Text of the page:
come avete appreso da un mio post precedente il giorno 24/10/2012 si è svolta a Verona la prima conferenza italiana sullo sviluppo Android: DroidDevCon.


Quindi sono qui per scrivere le mie riflessioni :) .
La conferenza è stata veramente ben riuscita, sia dal punto di vista dell'organizzazione che dal punto di vista dei contenuti.
Ci sono stati talk interessantissimi come "Android per dispositivi embedded" che parlava della customizzazione di Android su dispositivi dedicati (al quale purtroppo non ho potuto assistere). Non vedo l'ora che siano disponibili i video per riguardarlo con attenzione; già perché tutte le sessioni sono state riprese! Quindi se qualcuno è interessato alla conferenza o ai video penso che tra poco saranno disponibili a questi indirizzi DroidDevCon - bit Time TV. Non ho potuto assistere ad alcune sessioni perché ero impegnato con le mie presentazioni: "Sviluppare videogiochi con AndEngine" & "In-app billing". Il primo riguarda come sviluppare giochi con AndEngine: un game-engine per Android; il secondo di come funziona e come si implementa il servizio di in-app billing messo a disposizione del Google Play.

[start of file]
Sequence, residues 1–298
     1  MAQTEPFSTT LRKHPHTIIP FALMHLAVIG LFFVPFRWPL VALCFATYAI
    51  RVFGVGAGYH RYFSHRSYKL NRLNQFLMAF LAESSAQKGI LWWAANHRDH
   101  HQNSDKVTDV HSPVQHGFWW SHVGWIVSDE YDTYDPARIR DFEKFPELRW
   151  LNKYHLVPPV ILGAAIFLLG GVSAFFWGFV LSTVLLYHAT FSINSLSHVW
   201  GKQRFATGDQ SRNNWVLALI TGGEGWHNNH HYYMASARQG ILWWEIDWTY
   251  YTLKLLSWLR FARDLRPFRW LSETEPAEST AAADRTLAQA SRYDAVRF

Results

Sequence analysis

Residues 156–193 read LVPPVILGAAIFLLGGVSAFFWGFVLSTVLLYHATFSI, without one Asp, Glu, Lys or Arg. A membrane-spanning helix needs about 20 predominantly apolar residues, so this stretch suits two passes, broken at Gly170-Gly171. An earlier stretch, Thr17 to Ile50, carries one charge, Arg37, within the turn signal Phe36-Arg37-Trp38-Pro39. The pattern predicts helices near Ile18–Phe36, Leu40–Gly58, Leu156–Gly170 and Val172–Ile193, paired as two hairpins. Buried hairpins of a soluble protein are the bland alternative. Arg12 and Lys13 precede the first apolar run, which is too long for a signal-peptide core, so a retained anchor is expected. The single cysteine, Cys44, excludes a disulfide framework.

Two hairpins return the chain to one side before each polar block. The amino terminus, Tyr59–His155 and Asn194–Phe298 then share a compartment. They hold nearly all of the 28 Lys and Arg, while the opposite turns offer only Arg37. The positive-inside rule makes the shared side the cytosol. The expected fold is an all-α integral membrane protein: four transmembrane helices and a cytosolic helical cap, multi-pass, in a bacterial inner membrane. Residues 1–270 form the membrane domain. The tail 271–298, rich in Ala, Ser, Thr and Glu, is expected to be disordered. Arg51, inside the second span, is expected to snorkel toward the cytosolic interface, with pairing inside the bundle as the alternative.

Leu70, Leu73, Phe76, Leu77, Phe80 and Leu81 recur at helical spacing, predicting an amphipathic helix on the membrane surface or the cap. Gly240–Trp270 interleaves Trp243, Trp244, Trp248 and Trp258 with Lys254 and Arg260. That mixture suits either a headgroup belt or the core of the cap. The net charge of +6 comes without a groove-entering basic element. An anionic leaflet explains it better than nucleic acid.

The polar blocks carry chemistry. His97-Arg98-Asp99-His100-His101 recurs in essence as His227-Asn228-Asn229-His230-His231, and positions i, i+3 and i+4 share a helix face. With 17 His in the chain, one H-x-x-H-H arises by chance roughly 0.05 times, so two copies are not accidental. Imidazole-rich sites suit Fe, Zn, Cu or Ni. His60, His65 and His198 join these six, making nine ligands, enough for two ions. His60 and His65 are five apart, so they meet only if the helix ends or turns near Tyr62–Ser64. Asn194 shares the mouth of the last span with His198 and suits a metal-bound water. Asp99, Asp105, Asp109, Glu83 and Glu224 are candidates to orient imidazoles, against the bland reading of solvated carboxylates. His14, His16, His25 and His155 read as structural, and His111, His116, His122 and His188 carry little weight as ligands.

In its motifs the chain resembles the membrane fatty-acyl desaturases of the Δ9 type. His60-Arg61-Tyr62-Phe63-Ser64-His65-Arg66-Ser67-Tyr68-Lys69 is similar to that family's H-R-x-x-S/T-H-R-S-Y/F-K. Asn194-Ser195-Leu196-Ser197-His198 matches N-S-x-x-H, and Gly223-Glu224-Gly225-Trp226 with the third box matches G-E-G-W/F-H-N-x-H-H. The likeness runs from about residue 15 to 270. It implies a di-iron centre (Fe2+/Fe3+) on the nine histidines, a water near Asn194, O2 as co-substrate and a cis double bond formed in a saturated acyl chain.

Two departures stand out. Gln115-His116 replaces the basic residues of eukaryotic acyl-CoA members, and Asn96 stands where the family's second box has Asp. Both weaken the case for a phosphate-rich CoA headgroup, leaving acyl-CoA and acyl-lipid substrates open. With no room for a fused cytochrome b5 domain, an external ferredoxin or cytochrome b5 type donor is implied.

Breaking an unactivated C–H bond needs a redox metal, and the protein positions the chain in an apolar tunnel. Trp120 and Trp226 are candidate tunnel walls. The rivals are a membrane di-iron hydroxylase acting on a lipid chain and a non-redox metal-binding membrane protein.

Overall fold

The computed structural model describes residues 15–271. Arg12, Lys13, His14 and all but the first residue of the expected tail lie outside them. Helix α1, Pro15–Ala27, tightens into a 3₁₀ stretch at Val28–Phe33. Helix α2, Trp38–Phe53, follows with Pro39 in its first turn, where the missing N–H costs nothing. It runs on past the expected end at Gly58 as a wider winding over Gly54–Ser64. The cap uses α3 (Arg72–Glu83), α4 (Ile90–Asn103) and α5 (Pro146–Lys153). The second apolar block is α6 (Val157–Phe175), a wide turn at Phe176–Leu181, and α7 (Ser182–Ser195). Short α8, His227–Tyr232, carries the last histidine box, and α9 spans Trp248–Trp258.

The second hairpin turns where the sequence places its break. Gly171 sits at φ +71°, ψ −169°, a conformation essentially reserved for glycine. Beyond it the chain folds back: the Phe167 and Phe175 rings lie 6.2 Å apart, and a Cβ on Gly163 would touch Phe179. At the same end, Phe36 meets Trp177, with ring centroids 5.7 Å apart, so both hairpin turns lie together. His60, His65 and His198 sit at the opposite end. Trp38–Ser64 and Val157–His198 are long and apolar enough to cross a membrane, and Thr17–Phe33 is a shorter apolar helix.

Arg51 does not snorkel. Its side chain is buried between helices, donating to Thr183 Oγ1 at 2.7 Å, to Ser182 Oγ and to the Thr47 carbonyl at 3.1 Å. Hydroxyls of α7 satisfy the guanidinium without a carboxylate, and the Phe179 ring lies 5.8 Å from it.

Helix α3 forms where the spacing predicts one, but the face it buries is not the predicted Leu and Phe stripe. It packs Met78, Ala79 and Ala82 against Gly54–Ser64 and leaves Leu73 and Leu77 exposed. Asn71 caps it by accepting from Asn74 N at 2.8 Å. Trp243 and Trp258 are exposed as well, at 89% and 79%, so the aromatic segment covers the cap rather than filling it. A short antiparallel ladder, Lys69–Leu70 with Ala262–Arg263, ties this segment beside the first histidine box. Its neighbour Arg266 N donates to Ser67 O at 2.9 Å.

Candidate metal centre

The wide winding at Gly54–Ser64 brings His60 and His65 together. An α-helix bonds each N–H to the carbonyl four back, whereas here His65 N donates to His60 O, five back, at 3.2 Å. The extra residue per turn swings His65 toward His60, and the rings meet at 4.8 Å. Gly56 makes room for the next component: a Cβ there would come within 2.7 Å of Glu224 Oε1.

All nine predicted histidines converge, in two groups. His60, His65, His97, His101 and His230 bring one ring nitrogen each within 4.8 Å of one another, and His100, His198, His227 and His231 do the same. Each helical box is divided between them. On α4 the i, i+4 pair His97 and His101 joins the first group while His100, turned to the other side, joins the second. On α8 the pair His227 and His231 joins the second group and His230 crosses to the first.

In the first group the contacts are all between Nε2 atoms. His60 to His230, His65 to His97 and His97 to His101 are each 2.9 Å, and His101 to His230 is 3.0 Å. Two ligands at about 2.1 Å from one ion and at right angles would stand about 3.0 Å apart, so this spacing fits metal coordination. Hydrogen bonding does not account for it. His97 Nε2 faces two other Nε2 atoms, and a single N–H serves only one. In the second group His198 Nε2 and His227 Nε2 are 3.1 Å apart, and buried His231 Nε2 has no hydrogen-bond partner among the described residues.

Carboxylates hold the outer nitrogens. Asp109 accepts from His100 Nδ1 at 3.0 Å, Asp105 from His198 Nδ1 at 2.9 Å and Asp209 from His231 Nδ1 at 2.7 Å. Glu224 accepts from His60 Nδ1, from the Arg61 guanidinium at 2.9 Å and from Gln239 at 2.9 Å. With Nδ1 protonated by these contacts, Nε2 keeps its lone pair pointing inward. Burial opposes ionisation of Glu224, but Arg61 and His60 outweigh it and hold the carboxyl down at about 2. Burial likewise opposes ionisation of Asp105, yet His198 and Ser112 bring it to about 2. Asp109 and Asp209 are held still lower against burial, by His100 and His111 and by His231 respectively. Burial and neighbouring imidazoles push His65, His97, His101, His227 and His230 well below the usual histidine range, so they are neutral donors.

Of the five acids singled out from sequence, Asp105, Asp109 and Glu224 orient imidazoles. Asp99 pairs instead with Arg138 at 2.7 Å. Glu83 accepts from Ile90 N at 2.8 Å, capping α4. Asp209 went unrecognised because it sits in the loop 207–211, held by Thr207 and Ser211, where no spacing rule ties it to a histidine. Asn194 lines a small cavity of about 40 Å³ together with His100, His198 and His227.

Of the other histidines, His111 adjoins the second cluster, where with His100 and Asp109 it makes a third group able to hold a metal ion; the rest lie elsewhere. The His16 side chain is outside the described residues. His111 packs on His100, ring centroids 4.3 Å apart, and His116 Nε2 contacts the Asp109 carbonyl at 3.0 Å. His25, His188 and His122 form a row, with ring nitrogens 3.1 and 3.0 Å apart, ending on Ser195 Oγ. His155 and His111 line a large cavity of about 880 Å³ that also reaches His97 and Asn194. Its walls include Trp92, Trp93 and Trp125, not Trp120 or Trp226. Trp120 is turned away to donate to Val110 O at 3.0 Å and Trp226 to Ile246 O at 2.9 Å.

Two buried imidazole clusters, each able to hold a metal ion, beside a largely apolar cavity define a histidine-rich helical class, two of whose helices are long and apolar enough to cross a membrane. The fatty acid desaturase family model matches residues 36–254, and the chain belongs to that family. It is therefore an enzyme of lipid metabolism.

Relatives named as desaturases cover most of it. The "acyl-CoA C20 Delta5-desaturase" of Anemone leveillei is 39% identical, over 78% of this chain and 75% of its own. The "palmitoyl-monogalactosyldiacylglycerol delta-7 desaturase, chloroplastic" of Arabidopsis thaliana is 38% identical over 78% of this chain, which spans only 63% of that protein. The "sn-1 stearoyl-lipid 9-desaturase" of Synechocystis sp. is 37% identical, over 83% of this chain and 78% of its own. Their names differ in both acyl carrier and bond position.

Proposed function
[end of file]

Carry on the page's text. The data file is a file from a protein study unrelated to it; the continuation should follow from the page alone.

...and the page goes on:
Volevo cogliere l'occasione anche per mostrarvi una slide introdotta nella seconda presentazione molto riuscita, simpatica e che mi ha dato una bella soddisfazione nel mostrarla:


è stata utilizzata per spiegare le differenze tra modello free e modello a pagamento e quale è la strada giusta da scegliere senza cadere nella "trappola".
A tutti coloro che non sanno cosa significa posto anche il video della famosissima saga:


Volevo concludere ringraziando tutti per la bella esperienza passata! è stata una giornata intensa dove mi sono potuto confrontare con altri sviluppatori, imparare cose nuove ed approfondire i concetti già acquisiti! Ma soprattutto è stata una giornata dalla quale ho ricavato idee e spunti! Quindi nei prossimi giorni vedrete altri post :). Spero che DroidDevCon si ripeta anche il prossimo anno, perché è stata una conferenza con l'effetto WOW!